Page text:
FAA Funding Bill Becomes Law; User Fees Lurk

Aviation International News » March 2012
March 3, 2012, 12:20 AM

When President Obama signed the four-year FAA reauthorization bill on February 14, he put an end to more than four years of foot-dragging and often contentious debate, along with a record 23 short-term extensions of the FAA’s operating authorization and ability to levy and collect aviation excise taxes, since the last four-year reauthorization expired in the fall of 2007.

The legislation authorizes $63.3 billion for FAA programs through 2015, while retaining–at current levels–fuel taxes as the means for general aviation to pay for its use of the aviation system. The new bill contains no new user fees, but that does not mean that GA is out of the woods for those four years.

The Obama Administration nevertheless has renewed its call for a $100 user fee for turbine flights in “controlled” airspace. While members of Congress are already declaring the proposal “dead on arrival,” it was included in the White House’s Fiscal Year 2013 budget of $3.8 trillion, released February 9.

During a two-week gap in short-term extensions last summer, the FAA was legally unable to collect excise taxes. It ended up losing about $300 million in revenue, which forced it to furlough about 4,000 “non-essential” employees and shutter hundreds of airport construction projects.

Fears of Snowballing Fees

Although only Congress has the power to levy taxes, the $100-per-flight user fee has general aviation organizations and businesses concerned. “Proposals from the White House are serious business, particularly if–like the user-fee plan and the proposal to change aircraft depreciation in the President’s annual budget–they are designed to raise revenue,” said NBAA president and CEO Ed Bolen. “But White House proposals cannot become law unless they are approved by Congress.”

AOPA president Craig Fuller said that while the Administration’s budget document exempts piston, military and other governmental aircraft, along with air ambulances, aircraft operating outside “controlled airspace” and Canada-to-Canada flights, past experience has shown that such exemptions are likely to disappear once user fees are in place.

“Once the collection system is imposed, new fees and fee increases bypass the congressional approval process that currently keeps excise taxes in check,” Fuller said. “Pay at the pump has worked since the dawn of powered flight, and it still works.”

For once, the nation’s airlines are standing with GA in opposing the $100 levy. Airlines for America, which represents the airlines, accused the Obama Administration of offsetting the budget deficit on the backs of airline customers. In addition to the $100-per-flight fee, the White House proposal would triple the airline security tax to $7.50 for each one-way trip over the next five years.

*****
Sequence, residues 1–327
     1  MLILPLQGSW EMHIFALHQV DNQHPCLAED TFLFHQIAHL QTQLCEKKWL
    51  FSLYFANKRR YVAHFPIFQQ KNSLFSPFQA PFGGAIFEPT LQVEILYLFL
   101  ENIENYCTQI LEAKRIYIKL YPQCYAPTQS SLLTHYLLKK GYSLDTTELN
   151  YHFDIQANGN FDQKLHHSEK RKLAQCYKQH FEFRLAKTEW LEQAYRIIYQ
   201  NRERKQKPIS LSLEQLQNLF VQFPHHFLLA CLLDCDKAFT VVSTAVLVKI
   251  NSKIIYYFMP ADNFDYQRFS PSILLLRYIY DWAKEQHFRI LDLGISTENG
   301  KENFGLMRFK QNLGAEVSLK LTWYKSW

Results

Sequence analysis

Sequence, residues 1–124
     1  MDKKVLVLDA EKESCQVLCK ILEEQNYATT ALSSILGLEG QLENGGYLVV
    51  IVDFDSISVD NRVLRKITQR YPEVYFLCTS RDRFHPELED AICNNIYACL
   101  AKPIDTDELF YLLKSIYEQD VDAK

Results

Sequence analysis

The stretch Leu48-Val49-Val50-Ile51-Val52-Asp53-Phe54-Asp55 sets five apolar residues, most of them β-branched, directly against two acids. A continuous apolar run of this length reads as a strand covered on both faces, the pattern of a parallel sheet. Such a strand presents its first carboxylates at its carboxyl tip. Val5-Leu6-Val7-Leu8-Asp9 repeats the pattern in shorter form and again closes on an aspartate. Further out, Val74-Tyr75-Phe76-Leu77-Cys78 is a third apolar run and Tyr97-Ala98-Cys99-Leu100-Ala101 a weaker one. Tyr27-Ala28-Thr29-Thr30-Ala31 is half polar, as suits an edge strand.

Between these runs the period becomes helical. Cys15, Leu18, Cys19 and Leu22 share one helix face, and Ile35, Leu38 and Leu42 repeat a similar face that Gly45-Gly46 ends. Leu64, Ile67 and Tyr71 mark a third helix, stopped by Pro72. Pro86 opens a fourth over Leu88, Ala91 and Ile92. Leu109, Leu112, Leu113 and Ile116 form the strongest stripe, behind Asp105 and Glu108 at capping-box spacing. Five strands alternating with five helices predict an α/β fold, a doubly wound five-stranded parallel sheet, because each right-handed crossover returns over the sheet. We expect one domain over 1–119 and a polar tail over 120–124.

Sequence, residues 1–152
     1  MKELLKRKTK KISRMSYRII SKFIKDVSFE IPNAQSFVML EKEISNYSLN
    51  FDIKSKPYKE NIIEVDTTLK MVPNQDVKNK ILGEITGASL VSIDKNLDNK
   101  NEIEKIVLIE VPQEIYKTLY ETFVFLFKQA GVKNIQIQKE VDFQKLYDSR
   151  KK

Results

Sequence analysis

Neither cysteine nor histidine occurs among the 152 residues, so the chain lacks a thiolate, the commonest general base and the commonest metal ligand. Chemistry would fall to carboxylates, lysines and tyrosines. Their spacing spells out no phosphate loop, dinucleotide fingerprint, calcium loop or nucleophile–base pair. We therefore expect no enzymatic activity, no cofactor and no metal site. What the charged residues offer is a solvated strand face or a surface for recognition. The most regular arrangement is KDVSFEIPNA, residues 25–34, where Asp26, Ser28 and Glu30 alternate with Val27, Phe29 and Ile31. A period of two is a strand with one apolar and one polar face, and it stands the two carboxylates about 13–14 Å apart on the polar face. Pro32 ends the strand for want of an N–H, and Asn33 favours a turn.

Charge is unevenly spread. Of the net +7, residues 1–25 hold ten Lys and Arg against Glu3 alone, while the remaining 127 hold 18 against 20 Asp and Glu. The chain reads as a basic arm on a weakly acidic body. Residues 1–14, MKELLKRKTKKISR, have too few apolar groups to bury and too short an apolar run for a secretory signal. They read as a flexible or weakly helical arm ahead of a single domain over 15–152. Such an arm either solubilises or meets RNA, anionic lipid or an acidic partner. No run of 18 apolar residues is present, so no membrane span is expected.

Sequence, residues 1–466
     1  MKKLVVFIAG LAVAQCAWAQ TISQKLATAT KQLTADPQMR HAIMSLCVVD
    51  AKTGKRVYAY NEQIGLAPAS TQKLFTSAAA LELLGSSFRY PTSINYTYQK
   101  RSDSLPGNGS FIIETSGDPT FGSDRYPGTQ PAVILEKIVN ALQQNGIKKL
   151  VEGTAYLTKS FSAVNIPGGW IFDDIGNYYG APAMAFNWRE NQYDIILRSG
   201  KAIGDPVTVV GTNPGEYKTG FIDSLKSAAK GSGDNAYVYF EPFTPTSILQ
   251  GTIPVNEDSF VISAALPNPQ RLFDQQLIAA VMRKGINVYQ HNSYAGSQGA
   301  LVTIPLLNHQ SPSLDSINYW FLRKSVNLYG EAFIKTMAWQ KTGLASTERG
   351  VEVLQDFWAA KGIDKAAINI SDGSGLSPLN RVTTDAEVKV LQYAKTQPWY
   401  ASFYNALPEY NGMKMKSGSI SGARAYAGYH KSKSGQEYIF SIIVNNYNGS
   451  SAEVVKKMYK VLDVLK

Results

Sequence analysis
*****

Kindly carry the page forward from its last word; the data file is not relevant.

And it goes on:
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Robert Krebs
on March 6, 2012 - 3:08pm

I am not surprised at almost anything this pesident has come up with. It occurs to me that he doesn't know he doesn't know. General aviation is the back bone of many communities in the USA. What else can he try to ruin? What other freedom can he attack? Another person who has never met a payroll or held down a real job. Have you had enough yet? I am 76 and I still fly two airplanes, this guy has to go!!!

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G.L. Meyer
on March 6, 2012 - 4:05pm

Do not worry. Even though pay at the pump works perfectly the goverment will, after tacking on a user fee still allow you , in fact demand, that you 'pay at the pump'.

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jeff daugherty
on March 6, 2012 - 4:34pm

I'd like to know how much general aviation fuel tax is collected in a year?

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Chad Trautvetter
on March 6, 2012 - 4:55pm

Jeff,

Here is a link to the FAA’s Airport Trust Fund fact sheet, which includes a pie chart of trust fund tax revenues on page 6 (look for non-commercial aviation fuel): http://www.faa.gov/about/office_org/headquarters_offices/apl/aatf/media/AATF%20Fact%20Sheet.pdf

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L. Leon Kay
on March 6, 2012 - 11:59pm

We already pay a user fee through GAS TAX enough double tax is enough. The time is now to say ENOUGH no more double tax. The tax that we have has worked since the beginning of aviation. We in aviation do not need a to new European style tax that drives people from learning to fly. We already have to few people to fill the pilot positions.

We need encourage young people by decreasing the cost of flying rather than increasing it.

NO MORE FEES OR TAXES haven't they already hurt it enough!!!!!!!!!
Leon Kay

No Avatar
Dale Roark
on March 18, 2012 - 9:11pm

I don't see how people can afford to fly anymore, When jet fuel went over $2.00 I sold my lear, Now fuel for my barron is $6.00+ this is nuts. How much more can the government tax airplane owners? Why are we paying $63,300,000,000.00 to some buerocrat to stick pilots/airplane owners in the eye? Abolish the FAA in Fact Abolish the DOT!

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